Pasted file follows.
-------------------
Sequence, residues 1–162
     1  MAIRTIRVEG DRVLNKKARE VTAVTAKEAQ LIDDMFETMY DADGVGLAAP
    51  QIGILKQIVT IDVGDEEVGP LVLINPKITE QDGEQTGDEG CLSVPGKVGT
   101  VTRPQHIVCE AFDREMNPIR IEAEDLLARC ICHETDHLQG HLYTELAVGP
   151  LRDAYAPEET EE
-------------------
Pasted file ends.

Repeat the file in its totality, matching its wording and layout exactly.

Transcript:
Sequence, residues 1–162
     1  MAIRTIRVEG DRVLNKKARE VTAVTAKEAQ LIDDMFETMY DADGVGLAAP
    51  QIGILKQIVT IDVGDEEVGP LVLINPKITE QDGEQTGDEG CLSVPGKVGT
   101  VTRPQHIVCE AFDREMNPIR IEAEDLLARC ICHETDHLQG HLYTELAVGP
   151  LRDAYAPEET EE